Saturday, January 28, 2012


A local reporter, Dan Crowley, had a page-one story today about patronage in the local court system. I felt moved to add my two cents on the internet version and, since it will probably go unread, decided to save it here as well:

Nice job, Dan Crowley! Your story brought to mind ....

A number of years ago as a news reporter, I took it into my head to explore what it was that the phrase "participatory democracy" might mean. I found the phrase both redundant and smarmy and yet it was common coin at the time, flung around without examination in the same way that the word "terrorism" is today.

"Participatory democracy" at the time (and perhaps now?) suggests that everyone will get an equal vote. More broadly, it suggests that the best-qualified person will be given the job. Patronage -- the hiring of friends and family, however badly qualified -- is a no-no in the lexicon of those who employ "participatory democracy" with a straight face.

In the course of calling up those who might be able to shed some light on "participatory democracy" and its nemesis, "patronage," I got through to Anthony Scibelli, then chairmain of the House Ways and Means Committee, and arguably the most powerful politician in Massachusetts. Scibelli's power was exemplified, at least in my mind, by the fact that he would answer questions truthfully -- a quality not often associated with politicians looking forward to re-election.

So when I asked Scibelli what he thought of "participatory democracy" and the accusations of those who suggested he and his colleagues had a long history of patronage appointments and were therefore foiling the one-man-one-vote, democratic will of the people, he didn't get angry. Instead, he was good-natured and affable, as if speaking to a small child. Yes, he agreed, the perversion of a meritocracy was unfortunate. Yes, he agreed, his detractors had a very good point. Yes, democracy was a wonderful thing and deserved a robust defense.

But then he delivered the coup de grace: If his detractors, those who swooned for "participatory democracy" and the installation of the best-qualified candidates for any given position, were truly committed to their principles and prose, "let them go out and get elected." Talk about a knock-out blow for the white-whiners ... me included!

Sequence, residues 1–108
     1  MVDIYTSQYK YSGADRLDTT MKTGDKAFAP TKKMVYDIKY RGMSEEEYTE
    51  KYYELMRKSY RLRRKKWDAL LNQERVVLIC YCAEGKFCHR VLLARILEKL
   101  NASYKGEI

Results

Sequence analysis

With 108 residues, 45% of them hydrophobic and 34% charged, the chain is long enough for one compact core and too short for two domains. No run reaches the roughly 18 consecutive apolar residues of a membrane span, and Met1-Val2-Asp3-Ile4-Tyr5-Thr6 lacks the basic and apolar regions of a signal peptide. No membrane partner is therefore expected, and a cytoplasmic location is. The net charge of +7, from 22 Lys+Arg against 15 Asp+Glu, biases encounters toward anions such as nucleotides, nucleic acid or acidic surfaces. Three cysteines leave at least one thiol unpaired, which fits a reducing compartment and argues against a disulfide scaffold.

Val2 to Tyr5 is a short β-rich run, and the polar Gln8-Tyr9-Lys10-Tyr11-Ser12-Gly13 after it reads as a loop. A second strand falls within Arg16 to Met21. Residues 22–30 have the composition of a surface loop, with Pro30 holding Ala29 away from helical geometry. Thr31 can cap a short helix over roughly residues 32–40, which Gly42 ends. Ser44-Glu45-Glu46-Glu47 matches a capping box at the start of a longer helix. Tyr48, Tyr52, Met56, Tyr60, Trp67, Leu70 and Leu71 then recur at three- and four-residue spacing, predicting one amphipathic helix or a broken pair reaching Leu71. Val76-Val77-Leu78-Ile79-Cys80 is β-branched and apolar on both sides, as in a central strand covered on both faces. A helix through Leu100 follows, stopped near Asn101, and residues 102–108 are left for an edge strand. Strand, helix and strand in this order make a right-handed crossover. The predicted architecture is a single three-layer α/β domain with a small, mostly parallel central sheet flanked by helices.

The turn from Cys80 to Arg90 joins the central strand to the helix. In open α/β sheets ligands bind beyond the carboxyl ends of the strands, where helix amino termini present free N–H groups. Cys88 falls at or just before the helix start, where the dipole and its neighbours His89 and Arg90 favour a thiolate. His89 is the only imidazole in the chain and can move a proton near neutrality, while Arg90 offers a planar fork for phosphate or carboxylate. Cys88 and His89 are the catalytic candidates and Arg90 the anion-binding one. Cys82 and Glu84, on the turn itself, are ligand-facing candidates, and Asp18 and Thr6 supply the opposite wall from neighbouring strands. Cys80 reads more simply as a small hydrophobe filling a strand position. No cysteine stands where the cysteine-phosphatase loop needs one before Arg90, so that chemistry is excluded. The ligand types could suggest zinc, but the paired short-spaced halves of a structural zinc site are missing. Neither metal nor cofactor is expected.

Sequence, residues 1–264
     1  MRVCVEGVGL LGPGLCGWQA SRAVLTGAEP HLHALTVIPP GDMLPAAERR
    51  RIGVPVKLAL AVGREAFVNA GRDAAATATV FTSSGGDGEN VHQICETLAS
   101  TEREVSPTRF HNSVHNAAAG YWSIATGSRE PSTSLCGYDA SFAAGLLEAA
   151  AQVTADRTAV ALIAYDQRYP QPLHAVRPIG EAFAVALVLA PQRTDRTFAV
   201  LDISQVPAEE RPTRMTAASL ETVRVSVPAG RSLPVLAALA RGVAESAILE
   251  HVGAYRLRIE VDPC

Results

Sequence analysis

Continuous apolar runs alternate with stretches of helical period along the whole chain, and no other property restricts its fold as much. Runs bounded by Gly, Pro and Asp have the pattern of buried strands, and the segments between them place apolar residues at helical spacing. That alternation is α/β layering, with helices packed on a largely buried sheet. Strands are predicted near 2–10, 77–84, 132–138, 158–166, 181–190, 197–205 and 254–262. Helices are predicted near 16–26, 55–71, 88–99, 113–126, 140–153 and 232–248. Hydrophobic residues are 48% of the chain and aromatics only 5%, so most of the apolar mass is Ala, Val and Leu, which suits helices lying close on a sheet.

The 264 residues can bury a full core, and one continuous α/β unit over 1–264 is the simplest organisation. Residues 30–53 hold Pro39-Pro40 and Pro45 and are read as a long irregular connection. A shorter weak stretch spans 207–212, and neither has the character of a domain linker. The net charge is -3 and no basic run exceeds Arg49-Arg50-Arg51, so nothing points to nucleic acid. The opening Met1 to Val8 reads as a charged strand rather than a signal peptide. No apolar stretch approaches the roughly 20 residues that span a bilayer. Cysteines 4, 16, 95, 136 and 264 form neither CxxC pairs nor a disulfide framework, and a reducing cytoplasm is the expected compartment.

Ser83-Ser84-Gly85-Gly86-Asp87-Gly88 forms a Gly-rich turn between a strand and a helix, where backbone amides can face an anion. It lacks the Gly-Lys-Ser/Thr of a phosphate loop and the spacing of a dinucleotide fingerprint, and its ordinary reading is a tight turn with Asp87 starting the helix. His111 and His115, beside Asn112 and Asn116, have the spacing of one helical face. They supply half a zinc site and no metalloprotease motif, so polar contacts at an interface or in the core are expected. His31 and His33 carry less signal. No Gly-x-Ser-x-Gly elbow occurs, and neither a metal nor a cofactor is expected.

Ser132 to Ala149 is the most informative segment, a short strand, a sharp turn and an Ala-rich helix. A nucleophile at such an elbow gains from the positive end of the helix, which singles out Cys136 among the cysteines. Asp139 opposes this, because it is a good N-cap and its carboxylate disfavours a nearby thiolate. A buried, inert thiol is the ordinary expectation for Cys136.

The conversation lingered in my mind. Democracy is not, in fact, democratic. It does not assure that the best-qualified will win. There are loopholes (think Congress) aplenty and sometimes it's enough to make anyone weep. Anyone with two brain cells can imagine improvements and cite awful mistakes.

But in the end, I guess we're all stuck with Winston Churchill's observation: "Democracy is the worst form of government except for all the rest."

-- adam fisher


  1. Actually, I think even the use of the word "democracy" is thrown around in such a way that we all think we know what it means, when in fact one needs to be a devoted student of political science to even begin to understand what that term means. No where have I found in any description of the term, any suggestion that the best qualified person gets elected (perhaps referred to as "meritocracy."

    My and, I assume, many others' first encounters with democracy were class elections, I don't know about others but in my case from primary school through college class elections were merely popularity contests. Anecdotally and personally speaking, every single class president was a good looking person who had a number of "friends" but who was useless in terms of getting things done or even in expressing a view about this or that perceived injustice clearly held by the majority of the class. (And that's even when the administrators were not involved in manipulating the process.)

    My own limited experience makes me wonder about what things were really like in ancient Greece the supposed birthplace of so called democracy. That governance seems to me to have been in fact a "participatory plutocracy" insofar as the 1-percenters of their day gathered to make decisions.

    Coincidentally this was in my inbox when I checked my email this morning:

    How Swedes and Norwegians Broke the Power of the ‘1 Percent’‘1-percent’

    BTW -- The closest we have come to meritocracy in this country is the civil service system, people need to note how the one-percenters from Bloomberg to Bill Gates to the Koch brothers and Scott Wilson all want to destroy civil service (disguised as union busting).

  2. Fred -- Thanks for the link. Interesting reading, although, as always, the 'struggles' of any movement seem relatively easy in hindsight.